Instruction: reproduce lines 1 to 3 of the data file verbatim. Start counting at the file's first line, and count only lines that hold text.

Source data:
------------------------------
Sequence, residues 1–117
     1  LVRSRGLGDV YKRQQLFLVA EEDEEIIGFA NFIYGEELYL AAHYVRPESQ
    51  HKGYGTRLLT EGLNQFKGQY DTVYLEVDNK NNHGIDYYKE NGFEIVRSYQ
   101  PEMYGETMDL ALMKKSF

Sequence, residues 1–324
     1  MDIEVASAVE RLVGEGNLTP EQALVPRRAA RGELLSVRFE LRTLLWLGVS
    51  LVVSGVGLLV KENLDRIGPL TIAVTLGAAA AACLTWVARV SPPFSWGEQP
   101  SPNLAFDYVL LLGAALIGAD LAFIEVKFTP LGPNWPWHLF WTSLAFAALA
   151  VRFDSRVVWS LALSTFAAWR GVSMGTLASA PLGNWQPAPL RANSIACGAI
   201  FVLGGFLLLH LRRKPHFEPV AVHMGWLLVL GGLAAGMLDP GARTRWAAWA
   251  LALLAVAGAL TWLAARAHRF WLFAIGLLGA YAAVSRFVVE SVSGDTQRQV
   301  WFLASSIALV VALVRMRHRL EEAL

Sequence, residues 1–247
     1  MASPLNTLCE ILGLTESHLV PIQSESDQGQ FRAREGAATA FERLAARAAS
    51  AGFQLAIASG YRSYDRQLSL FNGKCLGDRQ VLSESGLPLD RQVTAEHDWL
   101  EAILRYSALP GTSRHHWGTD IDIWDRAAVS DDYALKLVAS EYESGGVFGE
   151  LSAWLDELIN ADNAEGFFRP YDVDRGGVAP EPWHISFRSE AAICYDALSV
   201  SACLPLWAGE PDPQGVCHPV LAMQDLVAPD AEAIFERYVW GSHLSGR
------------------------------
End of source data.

Sequence, residues 1–117
     1  LVRSRGLGDV YKRQQLFLVA EEDEEIIGFA NFIYGEELYL AAHYVRPESQ
    51  HKGYGTRLLT EGLNQFKGQY DTVYLEVDNK NNHGIDYYKE NGFEIVRSYQ